With that in mind, listen to the words of Isaiah 40:22. Isaiah the prophet says this: "He [God] sits enthroned above the circle of the earth, and its people are like grasshoppers. He stretches out the heavens like a canopy, and spreads them out like a tent to live in." As the prophet Isaiah is writing this, he's drawing a contrast between God and humanity. God is a cosmic King, and what is humanity? We are just eight billion grasshoppers.
Here's the reality. If you and I were confronted with eight billion grasshoppers, what would we conclude? "There's a plague." It's more than a nuisance; it's a plague. What the Scriptures would say is God is a cosmic King, and we here on earth are grasshoppers. We are meant to feel the significance of God and the insignificance of our existence. But that's not all. We're not just grasshoppers. Isaiah 53:6 says, "All we like sheep…" The imagery changes from grasshoppers now to sheep.
"All we like sheep have gone astray; we have turned—every one—to his own way…" Now in this image, God isn't the cosmic King; he's the Good Shepherd. And who are we? We are the sheep that have wandered away from the shepherd. The shepherd is there to lead us, and we've insisted on going our own way. But we're not just grasshoppers. We're not just the sheep that have gone astray. Ephesians 2:1-3 says this:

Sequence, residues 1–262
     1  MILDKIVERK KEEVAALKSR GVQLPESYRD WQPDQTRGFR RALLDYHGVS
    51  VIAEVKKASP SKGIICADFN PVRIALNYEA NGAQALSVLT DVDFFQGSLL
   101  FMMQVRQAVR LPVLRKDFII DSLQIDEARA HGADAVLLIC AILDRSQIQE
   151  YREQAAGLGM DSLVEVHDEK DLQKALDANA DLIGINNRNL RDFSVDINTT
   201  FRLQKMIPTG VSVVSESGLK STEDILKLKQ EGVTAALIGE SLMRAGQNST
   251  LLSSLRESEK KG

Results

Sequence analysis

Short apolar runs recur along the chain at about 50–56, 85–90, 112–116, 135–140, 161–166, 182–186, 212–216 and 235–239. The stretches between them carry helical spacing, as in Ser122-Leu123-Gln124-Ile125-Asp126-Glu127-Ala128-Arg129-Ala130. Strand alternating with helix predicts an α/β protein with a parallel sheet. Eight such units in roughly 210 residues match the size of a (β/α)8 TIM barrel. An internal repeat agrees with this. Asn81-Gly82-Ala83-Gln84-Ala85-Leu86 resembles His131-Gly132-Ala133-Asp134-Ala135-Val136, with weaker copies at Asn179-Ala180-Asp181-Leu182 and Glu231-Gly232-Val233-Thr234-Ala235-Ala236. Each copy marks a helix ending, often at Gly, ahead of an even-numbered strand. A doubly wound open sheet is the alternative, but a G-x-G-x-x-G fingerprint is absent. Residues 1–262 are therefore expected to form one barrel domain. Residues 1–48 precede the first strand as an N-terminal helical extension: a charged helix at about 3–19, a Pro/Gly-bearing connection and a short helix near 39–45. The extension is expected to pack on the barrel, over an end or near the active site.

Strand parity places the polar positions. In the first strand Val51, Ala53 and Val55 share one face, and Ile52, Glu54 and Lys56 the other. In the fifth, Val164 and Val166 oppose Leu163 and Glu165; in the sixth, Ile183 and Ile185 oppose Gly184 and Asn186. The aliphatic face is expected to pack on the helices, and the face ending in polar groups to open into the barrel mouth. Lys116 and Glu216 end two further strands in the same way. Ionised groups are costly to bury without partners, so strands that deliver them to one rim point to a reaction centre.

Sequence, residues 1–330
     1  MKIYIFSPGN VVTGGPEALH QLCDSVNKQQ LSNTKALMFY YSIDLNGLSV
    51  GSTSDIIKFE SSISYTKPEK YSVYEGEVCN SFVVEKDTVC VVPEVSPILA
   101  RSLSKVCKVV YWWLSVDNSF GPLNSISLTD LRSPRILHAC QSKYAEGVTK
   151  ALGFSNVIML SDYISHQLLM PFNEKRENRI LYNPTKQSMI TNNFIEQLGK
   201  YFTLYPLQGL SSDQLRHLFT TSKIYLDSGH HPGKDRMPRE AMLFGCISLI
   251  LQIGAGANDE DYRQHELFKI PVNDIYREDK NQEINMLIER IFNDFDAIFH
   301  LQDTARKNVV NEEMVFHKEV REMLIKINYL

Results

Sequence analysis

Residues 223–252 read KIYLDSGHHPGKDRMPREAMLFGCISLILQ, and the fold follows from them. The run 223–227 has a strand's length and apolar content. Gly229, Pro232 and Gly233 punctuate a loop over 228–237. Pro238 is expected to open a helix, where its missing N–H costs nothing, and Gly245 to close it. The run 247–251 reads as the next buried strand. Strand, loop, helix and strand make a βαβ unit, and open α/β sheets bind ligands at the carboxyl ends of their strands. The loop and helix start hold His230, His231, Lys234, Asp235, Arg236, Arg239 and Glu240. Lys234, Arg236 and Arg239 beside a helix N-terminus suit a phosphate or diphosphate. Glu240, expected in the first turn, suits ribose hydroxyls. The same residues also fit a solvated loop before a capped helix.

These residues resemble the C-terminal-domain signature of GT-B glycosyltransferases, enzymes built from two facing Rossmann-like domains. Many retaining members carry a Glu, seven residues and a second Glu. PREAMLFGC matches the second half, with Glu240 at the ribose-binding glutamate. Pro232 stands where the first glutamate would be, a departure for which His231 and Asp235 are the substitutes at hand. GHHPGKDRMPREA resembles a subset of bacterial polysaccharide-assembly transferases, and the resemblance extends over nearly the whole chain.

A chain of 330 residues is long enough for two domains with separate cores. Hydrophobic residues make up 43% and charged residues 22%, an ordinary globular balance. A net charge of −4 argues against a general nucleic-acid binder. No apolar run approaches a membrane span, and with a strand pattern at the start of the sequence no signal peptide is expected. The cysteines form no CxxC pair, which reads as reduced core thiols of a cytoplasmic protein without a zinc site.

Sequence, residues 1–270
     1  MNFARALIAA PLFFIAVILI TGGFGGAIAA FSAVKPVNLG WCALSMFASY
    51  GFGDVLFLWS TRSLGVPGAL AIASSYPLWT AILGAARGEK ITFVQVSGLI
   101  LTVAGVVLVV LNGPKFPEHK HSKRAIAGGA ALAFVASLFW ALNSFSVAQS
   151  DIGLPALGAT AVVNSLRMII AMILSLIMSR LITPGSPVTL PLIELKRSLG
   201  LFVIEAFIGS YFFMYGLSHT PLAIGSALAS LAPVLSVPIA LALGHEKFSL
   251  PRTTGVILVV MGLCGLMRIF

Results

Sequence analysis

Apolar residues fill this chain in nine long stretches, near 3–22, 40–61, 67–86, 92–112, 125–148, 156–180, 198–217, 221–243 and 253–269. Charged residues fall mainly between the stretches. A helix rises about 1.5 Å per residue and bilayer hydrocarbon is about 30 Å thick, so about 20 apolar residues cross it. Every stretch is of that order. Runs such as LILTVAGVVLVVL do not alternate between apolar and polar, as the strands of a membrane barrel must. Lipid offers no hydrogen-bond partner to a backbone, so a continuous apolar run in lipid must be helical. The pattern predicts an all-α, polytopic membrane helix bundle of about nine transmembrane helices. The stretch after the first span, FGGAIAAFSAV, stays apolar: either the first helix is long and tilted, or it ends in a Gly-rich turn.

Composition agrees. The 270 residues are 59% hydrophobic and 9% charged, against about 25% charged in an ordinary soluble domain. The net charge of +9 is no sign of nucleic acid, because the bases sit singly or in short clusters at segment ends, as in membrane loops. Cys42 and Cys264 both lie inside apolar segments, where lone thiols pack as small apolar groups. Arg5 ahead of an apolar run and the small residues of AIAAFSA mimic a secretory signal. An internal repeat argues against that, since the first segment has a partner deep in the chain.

"And you were dead in the trespasses and sins in which you once walked, following the course of this world, following the prince of the power of the air, the spirit that is now at work in the sons of disobedience—among whom we all once lived in the passions of our flesh, carrying out the desires of the body and the mind, and were by nature children of wrath, like the rest of mankind."
So, we're not only grasshoppers or wandering sheep. According to the apostle Paul, we are dead men and women walking. We are physically alive but spiritually dead. We're not bad, meaning, we just need to start being good. We're dead, which means we are incapable of doing anything that would be pleasing to God.
We're not just dead. The text says we're children of wrath. If that wasn't bad enough, then you look at what Paul tells us in Romans 5:10. As he starts it out, he says, "For if while we were [God's] enemies…" So, if you put it all together, when you look at Scripture, what's the picture of humanity? We're insignificant grasshoppers. We're wandering sheep. We are dead men and women walking. We're children of wrath. We are enemies of God.